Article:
From: James Rogers (firstname.lastname@example.org)
Date: Fri Apr 13 2001 - 22:06:12 MDT
On 4/13/01 6:15 PM, "Brian Atkins" <email@example.com> wrote:
> I didn't even read the article yet, but I have read about the P4 quite a
> bit. I don't think it is really appropriate to draw conclusions based on
> comparing it to P3 since they are radically different, and IMO the P4 is
> a botched design. They were trying for something really amazing with it,
> but a lot got gutted out of the design resulting in a very unbalanced
> CPU. In many benchmarks for instance a slower clocked P3 would beat a P4.
You are somewhat missing the point. The comparisons are in fact typically
between a 800-MHz P3 and 1.5-GHz P4, but the difference in clock speed is
immaterial if you actually look at the benchmarks (mostly because the
benchmarks show *why* clock speed is immaterial). In fact, the article
squares perfectly with what I've been hearing on the hardware lists where
people have been running their own benchmarks.
For fp and vector codes *where the data fits in the cache*, you generally
get much better performance with the P4 than the P3 i.e. Better than
suggested by the clock speed difference. Since it fits in the cache, memory
bandwidth and latency is mostly irrelevant.
For fp and vector codes that have data sets substantially larger than the
cache, the speed of the processor is irrelevant: a P3 will be memory limited
and the P4 will be memory limited. The P4 has a poor memory architecture
and benchmarks as a dog compared to similarly clocked Athlon chips, due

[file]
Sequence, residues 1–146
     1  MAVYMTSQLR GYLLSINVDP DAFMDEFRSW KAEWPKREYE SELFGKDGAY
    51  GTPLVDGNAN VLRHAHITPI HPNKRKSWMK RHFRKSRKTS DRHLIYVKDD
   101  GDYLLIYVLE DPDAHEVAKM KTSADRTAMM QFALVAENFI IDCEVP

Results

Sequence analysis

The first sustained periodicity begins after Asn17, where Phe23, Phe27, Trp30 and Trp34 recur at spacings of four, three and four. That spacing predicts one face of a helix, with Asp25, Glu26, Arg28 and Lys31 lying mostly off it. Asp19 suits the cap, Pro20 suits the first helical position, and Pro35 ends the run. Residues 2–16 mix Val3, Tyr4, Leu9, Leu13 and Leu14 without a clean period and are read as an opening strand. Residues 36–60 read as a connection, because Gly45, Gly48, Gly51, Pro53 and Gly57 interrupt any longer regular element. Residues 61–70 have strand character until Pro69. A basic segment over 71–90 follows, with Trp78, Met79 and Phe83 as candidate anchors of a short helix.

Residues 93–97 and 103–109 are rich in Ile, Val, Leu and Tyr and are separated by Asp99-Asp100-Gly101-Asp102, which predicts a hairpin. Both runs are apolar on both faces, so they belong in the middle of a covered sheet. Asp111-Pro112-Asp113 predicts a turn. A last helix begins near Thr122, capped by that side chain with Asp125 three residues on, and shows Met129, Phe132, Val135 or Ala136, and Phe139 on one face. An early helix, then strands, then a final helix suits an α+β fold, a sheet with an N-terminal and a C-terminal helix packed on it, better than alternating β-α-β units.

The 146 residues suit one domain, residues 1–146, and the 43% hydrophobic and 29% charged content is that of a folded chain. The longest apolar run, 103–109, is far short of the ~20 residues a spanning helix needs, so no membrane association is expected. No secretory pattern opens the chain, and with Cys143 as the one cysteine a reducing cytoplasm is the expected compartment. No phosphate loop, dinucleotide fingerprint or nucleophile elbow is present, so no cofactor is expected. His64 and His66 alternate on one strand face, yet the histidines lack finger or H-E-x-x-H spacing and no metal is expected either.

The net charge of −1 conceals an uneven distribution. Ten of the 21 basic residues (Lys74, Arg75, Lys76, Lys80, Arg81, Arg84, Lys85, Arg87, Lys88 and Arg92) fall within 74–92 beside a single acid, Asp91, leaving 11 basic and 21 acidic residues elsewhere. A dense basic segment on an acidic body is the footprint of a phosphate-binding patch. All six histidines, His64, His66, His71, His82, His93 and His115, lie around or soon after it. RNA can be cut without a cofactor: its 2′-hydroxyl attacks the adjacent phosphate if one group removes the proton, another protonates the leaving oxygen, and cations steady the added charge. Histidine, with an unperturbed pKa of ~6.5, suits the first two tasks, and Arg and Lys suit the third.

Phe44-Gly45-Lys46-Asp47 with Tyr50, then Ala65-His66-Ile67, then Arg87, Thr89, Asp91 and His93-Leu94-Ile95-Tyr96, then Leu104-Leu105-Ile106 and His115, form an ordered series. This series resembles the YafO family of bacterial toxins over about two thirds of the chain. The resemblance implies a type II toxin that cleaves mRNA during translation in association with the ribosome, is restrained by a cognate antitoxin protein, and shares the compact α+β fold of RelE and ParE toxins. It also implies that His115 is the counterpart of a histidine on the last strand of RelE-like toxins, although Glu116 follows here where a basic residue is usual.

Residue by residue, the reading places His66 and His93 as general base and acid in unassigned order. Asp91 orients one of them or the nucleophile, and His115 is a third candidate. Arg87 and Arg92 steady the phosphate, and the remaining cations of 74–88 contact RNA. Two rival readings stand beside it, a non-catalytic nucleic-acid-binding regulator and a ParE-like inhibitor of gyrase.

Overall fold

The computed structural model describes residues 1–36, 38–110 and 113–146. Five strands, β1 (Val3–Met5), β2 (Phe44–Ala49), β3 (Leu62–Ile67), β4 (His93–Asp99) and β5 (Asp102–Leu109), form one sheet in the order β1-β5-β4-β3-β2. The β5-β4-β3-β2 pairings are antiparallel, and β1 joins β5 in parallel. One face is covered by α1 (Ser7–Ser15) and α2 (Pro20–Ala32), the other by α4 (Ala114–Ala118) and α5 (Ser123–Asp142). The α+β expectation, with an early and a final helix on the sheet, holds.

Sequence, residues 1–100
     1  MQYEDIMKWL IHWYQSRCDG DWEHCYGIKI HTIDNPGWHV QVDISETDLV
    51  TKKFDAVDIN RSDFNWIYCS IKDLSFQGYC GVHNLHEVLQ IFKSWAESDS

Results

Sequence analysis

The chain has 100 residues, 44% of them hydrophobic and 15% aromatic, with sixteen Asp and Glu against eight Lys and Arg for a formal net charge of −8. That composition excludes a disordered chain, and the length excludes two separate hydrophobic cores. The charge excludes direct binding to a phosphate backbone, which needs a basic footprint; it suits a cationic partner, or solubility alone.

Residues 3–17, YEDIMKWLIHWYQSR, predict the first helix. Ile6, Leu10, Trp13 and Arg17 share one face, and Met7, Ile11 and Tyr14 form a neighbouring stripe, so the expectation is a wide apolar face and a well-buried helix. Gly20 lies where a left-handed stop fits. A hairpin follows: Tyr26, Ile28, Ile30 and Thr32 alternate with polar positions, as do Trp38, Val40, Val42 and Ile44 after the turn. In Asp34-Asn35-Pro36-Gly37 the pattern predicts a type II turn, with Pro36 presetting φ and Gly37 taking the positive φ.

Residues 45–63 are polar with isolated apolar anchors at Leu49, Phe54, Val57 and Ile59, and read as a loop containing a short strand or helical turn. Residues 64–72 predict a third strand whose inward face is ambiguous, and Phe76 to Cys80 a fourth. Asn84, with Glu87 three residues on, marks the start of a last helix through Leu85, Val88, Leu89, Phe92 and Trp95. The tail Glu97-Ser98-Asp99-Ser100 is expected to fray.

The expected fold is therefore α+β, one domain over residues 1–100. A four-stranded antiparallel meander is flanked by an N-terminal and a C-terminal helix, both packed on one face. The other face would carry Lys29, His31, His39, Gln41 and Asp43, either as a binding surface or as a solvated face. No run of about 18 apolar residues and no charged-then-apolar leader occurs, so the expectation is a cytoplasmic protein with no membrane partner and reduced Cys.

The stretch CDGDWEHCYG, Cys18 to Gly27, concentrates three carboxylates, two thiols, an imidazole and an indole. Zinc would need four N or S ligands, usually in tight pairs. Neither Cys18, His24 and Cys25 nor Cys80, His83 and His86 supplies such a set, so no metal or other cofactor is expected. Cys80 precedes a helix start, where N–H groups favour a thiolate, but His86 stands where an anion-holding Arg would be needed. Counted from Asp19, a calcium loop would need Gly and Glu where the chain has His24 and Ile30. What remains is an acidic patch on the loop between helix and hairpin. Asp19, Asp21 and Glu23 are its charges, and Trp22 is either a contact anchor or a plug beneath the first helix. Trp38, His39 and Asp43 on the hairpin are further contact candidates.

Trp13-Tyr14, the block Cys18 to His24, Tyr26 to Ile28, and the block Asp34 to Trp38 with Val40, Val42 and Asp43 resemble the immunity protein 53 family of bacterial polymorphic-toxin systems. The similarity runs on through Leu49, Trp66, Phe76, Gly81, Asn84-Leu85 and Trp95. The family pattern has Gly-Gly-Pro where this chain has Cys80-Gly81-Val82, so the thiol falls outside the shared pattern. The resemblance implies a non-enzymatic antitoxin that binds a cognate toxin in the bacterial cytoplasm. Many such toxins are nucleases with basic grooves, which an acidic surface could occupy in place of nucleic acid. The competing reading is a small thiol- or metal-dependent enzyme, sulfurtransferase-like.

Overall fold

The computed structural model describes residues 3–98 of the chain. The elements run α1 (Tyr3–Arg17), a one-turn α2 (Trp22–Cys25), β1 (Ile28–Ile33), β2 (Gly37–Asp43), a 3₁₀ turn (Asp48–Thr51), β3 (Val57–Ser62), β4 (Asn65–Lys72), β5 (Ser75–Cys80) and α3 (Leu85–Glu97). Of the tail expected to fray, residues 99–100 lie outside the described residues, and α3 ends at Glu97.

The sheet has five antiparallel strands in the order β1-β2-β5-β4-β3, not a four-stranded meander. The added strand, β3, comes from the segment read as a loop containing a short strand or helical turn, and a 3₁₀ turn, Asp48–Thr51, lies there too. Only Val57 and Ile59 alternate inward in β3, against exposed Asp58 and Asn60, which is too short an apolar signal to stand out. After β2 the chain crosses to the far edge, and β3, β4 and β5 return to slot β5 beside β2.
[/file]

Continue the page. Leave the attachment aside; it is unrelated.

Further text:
solely to differences in memory architecture; the Athlon has more bandwidth,
so for memory limited problems it is faster, even at slower clock speeds.
Note that the P4 has 15-20% *worse* memory latency than the P3, so cache
efficiency is even more important on the P4 than on the P3. What the P4
represents is one of the first times where the inter-generational
differences in processor performance are based almost solely on the memory
bus chipsets, not on the processor clock.
As for having a botched design, you are mostly correct -- the memory
architecture is much worse than it has to be (addressed in the article).
The problem is that Intel doesn't have a huge amount of room to improve it.
For those classes of problem where everything (or most everything) fits in
the high-speed cache, it screams. Unfortunately, we aren't talking about
those types of problems.
The point to all this being that if you are running an AI, which presumably
will be churning on vast quantities of data, the clock speed doesn't matter.
What the benchmarks between the P3 and P4 show is that memory bandwidth is
already a serious crisis for data hungry apps. The situation on the P4 is
so bad that they expect faster versions of the P4 to show no performance
improvement for cache killers, whereas it used to be that you got *some*
minor improvement with increased clock speeds even for these apps.
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